of these men ; but he is willing to give one more twist to the thumb-screw, and one more turn to the rack, to compel recantation. He utterly forsakes the high domain of the historian, to play the part of the most wretched partisanship. Look at this picture, painted by a powerful, yet truthful, artist:

We betake ourselves in spirit to the fifteenth century. It is difficult to describe how sad the Church's condition then seemed. The Lord's vineyard was a desert; thorns and thistles covered it, in place of vines. The priesthood was grown worldly and even dissolute. The Popes, overstepping all limits in their assumptions, led lives scandalous and horrible beyond measure. The monkish orders were following them in the way of ruin. Simony, extortion of every kind, and concubinage, were the order of the day. Church assemblies seemed only held for the bacchanalian orgies that went with them. During the Council of Constance there were no less than fifty thousand strangers in the town, and a great swarm of abandoned women among them. At this time the Church saw at her head three pretended vicegerents of Christ instead of one, alternately excommunicating and cursing each the others. The poor people, designedly chained down by basest superstitions, fainted as sheep without a shepherd. Was it a wonder, when a part of them, casting aside all restraints of chastity and morality, followed in the footsteps of their corrupt leaders, and gave themselves up to every vice, if the other and nobler portion, in sore need of the bread and water of life, gave vent to loud and still louder demands for the Church's reformation, in head and in members ?-F. W. KRUMMACHER.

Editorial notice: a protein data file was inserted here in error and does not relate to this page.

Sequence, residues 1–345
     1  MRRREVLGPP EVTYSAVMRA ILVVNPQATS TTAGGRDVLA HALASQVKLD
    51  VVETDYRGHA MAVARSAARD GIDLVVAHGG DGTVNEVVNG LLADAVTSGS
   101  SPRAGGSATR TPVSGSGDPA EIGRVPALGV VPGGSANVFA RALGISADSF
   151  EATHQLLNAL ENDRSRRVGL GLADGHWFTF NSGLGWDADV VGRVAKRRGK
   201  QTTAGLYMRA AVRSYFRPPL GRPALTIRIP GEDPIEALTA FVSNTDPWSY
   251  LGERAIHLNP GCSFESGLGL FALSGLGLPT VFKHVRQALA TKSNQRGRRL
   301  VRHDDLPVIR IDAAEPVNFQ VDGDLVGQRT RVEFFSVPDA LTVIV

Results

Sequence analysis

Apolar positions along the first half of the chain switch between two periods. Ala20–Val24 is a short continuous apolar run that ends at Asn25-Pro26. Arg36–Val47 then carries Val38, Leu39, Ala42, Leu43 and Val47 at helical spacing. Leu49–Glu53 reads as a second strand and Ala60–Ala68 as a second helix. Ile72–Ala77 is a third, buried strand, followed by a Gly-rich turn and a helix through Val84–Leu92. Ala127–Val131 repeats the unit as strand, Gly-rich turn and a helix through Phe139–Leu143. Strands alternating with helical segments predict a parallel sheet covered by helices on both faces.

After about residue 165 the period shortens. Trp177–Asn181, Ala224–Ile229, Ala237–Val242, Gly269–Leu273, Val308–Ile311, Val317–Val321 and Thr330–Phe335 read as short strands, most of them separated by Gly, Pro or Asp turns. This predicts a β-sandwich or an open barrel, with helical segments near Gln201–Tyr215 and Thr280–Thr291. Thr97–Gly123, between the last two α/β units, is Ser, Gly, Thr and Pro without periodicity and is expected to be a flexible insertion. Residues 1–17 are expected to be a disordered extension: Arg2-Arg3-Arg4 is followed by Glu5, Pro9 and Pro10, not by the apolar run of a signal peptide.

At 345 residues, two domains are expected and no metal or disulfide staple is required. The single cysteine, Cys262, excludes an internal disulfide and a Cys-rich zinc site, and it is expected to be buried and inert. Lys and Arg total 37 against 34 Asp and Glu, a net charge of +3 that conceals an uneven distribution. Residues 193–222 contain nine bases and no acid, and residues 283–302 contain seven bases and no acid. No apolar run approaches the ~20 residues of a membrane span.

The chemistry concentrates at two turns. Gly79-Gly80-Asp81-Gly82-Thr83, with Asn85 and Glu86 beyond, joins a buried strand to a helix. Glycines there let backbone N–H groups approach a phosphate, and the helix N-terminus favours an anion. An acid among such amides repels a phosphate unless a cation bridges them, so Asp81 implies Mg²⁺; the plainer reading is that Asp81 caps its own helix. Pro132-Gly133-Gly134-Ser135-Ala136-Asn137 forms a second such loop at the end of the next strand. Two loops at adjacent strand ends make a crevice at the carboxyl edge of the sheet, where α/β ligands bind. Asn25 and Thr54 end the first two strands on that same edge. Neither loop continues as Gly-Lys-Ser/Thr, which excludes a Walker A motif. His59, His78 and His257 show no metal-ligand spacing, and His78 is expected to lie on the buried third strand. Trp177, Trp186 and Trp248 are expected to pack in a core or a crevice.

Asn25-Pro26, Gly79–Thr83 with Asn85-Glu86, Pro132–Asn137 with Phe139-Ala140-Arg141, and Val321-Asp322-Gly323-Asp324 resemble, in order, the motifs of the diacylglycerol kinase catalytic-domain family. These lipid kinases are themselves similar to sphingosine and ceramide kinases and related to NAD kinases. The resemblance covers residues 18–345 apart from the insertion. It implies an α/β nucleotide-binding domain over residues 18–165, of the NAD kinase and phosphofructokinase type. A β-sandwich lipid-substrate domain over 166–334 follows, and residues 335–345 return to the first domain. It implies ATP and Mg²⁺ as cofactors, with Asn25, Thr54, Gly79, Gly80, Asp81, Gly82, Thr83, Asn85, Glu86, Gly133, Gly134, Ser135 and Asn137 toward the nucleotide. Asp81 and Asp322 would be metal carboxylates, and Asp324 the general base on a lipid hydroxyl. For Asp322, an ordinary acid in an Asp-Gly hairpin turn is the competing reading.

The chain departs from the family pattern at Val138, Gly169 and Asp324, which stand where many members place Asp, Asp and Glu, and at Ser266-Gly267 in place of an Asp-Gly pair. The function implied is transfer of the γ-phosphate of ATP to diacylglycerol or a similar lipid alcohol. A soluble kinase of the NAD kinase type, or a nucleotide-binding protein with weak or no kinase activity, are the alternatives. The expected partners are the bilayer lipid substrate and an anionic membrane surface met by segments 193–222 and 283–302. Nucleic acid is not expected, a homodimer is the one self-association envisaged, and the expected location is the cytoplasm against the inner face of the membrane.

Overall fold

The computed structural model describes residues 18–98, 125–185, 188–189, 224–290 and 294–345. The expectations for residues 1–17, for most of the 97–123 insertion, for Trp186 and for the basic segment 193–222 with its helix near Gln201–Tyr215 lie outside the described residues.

All of this, and no word of extenuation from Alzog of the conduct of these branded heretics! We repeat that impartial readers of this portion of our author's work must pronounce him lacking in the highest qualities of the historian, and his work well calculated to foster in members of his own communion a spirit of bigotry and uncharitableness. In these crucial examples he plainly violates the principles which he had already laid down to guide the historian. (See vol. i, p. 14.)

In further confirmation of this opinion we notice the author's treatment of the Inquisition. Doubtless, satisfactory reasons for the establishment of this court can be found in the spirit of the times. In an age when the doctrine of religious toleration had found no defenders, it is easy to understand how heresy, which was judged to be the most heinous crime, would be suppressed by the strong arm of the civil and ecclesiastical power alike. But it is totally unworthy a writer of the nine